but why not just roll a d20 and add d6s? Say you only count the original d20 for determining crits, and you're done.

I think part of the concept is the rogue has the option of rolling 3d6 instead of d20--no crits no fumbles. A lot of times, the fumbles hurt the rogue more than the crits help. Double damage is great for the two-handed power attacking barbarian, not so much for the halfling wielding a rapier.

Amechra
2015-02-06, 02:27 AM
You know, I already wrote a class based around futzing dice, with a 3d6 bell curve.

It's called the Nord's Blade (http://www.minmaxboards.com/index.php?topic=4779.0).

No need to reinvent the wheel; just steal from the (now three-and-a-half-years-old) class someone else wrote.

qazzquimby
2015-02-06, 01:14 PM
To make everyone happy, take everyone's methods, roll all their dice, then take the mean.

Baphomet
2015-02-06, 04:14 PM
Ahh. It's still fewer dice than the blaster wizard is rolling with 10d6 fireballs and lightning bolts, but that's probably not a comfort.
There are people who play blaster wizards?!?

johnbragg
2015-02-06, 11:28 PM
Well, it seems everyone who responded was favorable to a rogue-type being able to use an alternate dice-rolling method, and being able to spend power points to add extra dice.

I'm sticking with
1. the rogue having the option of rolling 3d6 instead of d20 (there are situations where all you really want to do is not botch.)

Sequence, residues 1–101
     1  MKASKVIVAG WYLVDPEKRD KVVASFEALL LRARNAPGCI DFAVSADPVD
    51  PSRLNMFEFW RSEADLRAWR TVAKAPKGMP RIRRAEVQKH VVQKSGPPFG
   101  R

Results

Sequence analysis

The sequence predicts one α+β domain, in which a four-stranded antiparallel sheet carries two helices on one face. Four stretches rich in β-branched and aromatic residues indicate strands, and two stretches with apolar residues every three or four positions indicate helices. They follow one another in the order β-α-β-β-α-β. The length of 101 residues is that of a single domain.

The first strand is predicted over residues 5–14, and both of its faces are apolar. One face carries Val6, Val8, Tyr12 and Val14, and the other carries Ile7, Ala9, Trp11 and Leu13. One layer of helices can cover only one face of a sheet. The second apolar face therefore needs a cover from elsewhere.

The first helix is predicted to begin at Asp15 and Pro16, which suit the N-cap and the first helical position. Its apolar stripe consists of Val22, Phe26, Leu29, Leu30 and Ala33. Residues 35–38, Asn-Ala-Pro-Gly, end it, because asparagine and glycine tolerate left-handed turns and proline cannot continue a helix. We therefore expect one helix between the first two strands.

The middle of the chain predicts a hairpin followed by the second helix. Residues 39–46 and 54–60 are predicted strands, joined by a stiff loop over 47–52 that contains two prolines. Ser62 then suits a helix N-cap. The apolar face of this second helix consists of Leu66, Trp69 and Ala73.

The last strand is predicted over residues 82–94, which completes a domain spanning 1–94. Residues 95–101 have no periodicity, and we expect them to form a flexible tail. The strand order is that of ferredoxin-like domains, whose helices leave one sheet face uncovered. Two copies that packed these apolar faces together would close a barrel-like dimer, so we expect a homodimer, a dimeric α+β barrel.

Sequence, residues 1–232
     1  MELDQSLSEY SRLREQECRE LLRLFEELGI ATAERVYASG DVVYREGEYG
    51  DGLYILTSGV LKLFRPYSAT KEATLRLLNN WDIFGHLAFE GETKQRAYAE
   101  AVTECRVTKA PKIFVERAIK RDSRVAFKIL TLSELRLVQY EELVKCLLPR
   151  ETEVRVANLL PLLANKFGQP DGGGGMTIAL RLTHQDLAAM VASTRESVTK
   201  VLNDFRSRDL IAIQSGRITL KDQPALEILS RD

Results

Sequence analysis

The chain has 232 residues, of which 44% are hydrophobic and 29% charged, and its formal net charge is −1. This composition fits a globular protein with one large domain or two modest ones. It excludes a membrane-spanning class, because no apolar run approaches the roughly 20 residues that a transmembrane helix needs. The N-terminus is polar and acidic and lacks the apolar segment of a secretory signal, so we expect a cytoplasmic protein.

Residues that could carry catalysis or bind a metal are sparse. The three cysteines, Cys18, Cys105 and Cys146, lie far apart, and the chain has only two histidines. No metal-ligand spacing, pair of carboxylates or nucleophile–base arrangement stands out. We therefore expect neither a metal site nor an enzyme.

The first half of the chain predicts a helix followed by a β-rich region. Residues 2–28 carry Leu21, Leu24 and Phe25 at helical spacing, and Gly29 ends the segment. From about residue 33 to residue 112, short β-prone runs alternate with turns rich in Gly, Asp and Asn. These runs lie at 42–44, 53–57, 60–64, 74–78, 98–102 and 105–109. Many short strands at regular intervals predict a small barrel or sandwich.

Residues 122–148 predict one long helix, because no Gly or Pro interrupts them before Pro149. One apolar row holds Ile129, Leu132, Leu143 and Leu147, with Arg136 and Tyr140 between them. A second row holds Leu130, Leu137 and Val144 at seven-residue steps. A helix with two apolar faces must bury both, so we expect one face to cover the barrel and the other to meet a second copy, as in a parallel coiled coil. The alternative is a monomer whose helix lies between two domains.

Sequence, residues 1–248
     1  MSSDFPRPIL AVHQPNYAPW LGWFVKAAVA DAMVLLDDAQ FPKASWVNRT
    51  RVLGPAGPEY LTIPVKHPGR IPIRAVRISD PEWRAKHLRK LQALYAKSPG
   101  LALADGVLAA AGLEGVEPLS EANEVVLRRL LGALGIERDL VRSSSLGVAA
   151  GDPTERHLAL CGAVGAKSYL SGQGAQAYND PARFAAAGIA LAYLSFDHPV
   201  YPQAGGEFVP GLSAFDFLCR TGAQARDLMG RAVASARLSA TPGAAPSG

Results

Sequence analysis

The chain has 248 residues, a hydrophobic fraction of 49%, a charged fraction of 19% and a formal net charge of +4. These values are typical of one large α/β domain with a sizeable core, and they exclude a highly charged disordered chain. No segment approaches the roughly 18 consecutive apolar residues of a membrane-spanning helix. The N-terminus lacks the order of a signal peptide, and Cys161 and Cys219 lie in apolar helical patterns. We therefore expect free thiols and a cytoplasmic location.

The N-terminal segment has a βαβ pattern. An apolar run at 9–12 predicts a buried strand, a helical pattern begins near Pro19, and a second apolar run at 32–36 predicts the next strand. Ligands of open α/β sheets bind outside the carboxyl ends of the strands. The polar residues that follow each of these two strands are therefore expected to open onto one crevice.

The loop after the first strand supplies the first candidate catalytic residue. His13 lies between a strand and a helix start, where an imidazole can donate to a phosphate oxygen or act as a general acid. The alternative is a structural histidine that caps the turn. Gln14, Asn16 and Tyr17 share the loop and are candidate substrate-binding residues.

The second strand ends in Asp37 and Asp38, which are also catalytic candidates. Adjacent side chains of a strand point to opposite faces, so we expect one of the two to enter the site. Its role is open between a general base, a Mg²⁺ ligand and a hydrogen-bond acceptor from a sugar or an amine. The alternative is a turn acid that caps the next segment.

2. adding d6s by spending power points.

So now we start looking at the math of power points and bonus dice.

Bonus dice are added to things that would normally have d20 rolls--skill checks, attacks, saves (caster level checks, grapple checks, etc). NOT to damage dice. So you could crank up a skill check to epic numbers if you wanted to. (Back in 3.0, you could do that with Wieldskill (1st level, +10 to a skill check) or Guidance of the Avatar (2nd, +20), but those were nuked in 3.5). Or you could boost an attack roll or a save into the 30s, basically guaranteeing success if you want to buy a bunch of bonus dice at once.

I'm okay for now with doing that, but it should wipe out a mid-level character for the day. So buying five bonus dice on one roll should cost more than adding one bonus die each to 5 rolls.
So maybe boosting to 4d6 costs 1 PP, boosting to 5d6 costs 2, 6d6 costs 4, 7d6 costs 8, 8d6 costs 16, 9d6 costs 32, 10d6 costs 64, etc.